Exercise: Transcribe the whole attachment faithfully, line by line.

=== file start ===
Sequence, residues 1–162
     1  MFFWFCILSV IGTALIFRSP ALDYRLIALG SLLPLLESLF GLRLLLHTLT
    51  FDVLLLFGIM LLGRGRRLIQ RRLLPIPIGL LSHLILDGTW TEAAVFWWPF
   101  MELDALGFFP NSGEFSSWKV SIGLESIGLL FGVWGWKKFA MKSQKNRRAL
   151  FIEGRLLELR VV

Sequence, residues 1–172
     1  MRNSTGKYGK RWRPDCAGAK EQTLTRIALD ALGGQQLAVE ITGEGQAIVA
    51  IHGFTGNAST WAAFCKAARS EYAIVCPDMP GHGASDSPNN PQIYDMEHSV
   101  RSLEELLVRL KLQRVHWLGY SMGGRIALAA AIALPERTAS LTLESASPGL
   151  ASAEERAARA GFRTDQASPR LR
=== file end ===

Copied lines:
Sequence, residues 1–162
     1  MFFWFCILSV IGTALIFRSP ALDYRLIALG SLLPLLESLF GLRLLLHTLT
    51  FDVLLLFGIM LLGRGRRLIQ RRLLPIPIGL LSHLILDGTW TEAAVFWWPF
   101  MELDALGFFP NSGEFSSWKV SIGLESIGLL FGVWGWKKFA MKSQKNRRAL
   151  FIEGRLLELR VV

Sequence, residues 1–172
     1  MRNSTGKYGK RWRPDCAGAK EQTLTRIALD ALGGQQLAVE ITGEGQAIVA
    51  IHGFTGNAST WAAFCKAARS EYAIVCPDMP GHGASDSPNN PQIYDMEHSV
   101  RSLEELLVRL KLQRVHWLGY SMGGRIALAA AIALPERTAS LTLESASPGL
   151  ASAEERAARA GFRTDQASPR LR